When’s the last time a Disney film has touched upon the importance of family? Since forever, of course, as the House of Mouse has touched upon the topic various times from the oddballs like Lilo & Stitch to even cult hits like A Goofy Movie. So is it any wonder why the 3D animated feature Encanto feels oddly familiar and standard despite its fantastical magic-slash-telenovela aesthetic?
The Loud House
Stop me if you’ve heard this one: Youngest girl in the Madrigal family is an outcast when compared to the rest of her sisters, mother, father, cousins, and extended family, and wishes to seek approval from the family matriarch. In this case, the Madrigal family are powered by magic gifts from a candle (and a magic door that acts as a trigger and gives them their own giant room within infinite space). They can cure people with food (Julieta the mum voiced by Angie Cepeda), lift heavy objects and buildings (Luisa voiced by Jessica Darrow), grow flowers and is the seemingly perfect child (Isabella voiced by Diane Guerrero), and more.
Our outcast is the powerless Mirabel (Stephanie Beatriz) who finds out that the enchanted house and community they’ve built is in danger of eroding, and wishes to get to the bottom of it, while her family seems to turn against her because of this revelation. In the middle of this is the pariah uncle Bruno (John Leguizamo) who has the power to see the future, which also comes with its own baggage.
The film starts out loud and strong, with musical acts and lyrics waxed by current musical poster child Lin-Manuel “I did motherf***ing Hamilton” Miranda that feel in-touch with today’s young audience. So of course, only half the songs resonated with me in beat and tone, with my personal highlights including the one about Bruno and Isabella. The reprise of the opening tune at the climax is also a nice touch, but this is a Disney trope that’s been perfected like a tale as old as time. Everything else, from the family investigation via Mirabel and the eventual implosion all goes by like clockwork, and while it’s still a hoot to watch, it isn’t as impactful as it should be.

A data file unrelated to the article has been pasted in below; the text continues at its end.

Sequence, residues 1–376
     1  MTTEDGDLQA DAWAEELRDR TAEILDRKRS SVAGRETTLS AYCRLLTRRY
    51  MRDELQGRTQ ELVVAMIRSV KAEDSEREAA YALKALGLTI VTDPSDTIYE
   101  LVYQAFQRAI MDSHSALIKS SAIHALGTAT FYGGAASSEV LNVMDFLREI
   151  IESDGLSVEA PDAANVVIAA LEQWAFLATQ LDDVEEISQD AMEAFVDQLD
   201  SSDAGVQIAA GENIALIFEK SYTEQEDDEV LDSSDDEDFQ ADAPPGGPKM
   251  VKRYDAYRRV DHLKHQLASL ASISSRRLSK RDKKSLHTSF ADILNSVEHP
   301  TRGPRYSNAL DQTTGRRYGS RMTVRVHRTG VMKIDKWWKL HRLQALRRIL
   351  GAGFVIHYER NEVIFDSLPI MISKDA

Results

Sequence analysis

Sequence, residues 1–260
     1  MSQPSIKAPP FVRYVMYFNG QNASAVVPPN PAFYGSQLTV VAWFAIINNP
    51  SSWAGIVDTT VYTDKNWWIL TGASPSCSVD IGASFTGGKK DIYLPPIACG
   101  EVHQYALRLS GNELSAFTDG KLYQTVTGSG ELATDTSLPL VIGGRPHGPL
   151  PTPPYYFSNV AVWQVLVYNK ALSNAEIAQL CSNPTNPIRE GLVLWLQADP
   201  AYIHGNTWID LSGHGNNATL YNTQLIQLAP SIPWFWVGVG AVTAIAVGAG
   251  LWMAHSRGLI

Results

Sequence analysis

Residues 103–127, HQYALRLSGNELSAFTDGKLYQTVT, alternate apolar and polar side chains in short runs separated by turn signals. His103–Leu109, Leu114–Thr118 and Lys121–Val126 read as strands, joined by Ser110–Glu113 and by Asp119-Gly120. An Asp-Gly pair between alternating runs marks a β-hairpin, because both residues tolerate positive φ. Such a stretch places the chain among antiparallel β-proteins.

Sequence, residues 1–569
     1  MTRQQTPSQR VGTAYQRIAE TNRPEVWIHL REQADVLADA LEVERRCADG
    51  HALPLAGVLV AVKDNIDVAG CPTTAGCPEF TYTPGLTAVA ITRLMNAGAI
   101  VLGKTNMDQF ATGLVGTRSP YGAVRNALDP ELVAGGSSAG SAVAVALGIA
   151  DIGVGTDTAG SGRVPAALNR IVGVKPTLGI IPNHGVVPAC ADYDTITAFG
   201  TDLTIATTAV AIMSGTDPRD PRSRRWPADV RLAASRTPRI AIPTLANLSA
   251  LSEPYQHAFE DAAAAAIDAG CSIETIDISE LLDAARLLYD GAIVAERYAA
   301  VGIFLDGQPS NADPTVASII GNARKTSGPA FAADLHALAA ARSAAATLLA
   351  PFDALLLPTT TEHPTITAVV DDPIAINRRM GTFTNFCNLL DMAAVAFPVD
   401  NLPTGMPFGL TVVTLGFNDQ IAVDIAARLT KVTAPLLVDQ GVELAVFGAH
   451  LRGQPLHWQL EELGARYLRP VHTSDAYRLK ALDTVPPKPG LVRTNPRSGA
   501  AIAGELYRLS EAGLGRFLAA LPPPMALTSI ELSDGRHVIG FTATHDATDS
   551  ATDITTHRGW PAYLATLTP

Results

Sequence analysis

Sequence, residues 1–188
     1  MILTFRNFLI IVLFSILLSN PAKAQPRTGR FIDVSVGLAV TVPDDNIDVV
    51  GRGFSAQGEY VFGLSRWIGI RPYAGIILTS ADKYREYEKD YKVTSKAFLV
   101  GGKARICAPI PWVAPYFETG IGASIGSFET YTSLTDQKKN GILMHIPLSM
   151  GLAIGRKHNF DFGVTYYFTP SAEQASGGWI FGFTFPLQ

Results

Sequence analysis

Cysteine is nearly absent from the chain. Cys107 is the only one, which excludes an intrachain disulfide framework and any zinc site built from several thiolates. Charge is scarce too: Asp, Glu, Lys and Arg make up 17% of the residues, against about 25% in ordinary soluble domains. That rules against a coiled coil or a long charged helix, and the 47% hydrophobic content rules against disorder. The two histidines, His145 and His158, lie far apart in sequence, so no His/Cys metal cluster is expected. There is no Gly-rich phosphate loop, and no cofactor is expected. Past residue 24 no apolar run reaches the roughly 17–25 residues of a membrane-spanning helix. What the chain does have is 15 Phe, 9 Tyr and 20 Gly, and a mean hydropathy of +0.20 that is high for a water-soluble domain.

Bruno is a delight to watch and feel for, given his future-sight gift and curse, while the rift between Mirabel and her powered-up family does show the conflict our main protagonist is dealing with. Too bad the rest of the family only has a few moments of character development apart from having their powers define them. I think this film could benefit a bit more from a few extra minutes of development time between Mirabel and her siblings and cousin; these moments feel like drive-bys even for hour-and-a-half Disney segments.
A Proud Family
I’ll say this though: parts of the middle act and how the rift ends up being resolved in the climax is definitely noteworthy, though the latter bit gives out a mixed message when the status quo reverts Disney-style. It’s clear as day that Encanto is going for spectacle and style rather than a meaty story about family, complete with pretty obvious symbolism: Isabella and flowers, the aunty’s moody temperament matching the weather she inadvertently summons, and the shapeshifting nephew who hasn’t found himself(?) yet. Oh, and the obligatory little child addition who has the power to talk to animals for the “aww” moments and slapstick humour factor.
Jared Bush, Charise Castro Smith, and Byron Howard may not have directed a hard-hitting animated film like Zootopia (within the PG-rated spectrum), or even anything better than past 2D works. However, Encanto’s music (some of it anyway), lavish colours, and La Familia style of presentation will delight audiences of all ages, even for a few days. Just don’t expect a higher level of Disney work than usual; I suspect over time, this film isn’t going to end up as legacy-inducing as your Frozens and the aforementioned furry cop movie.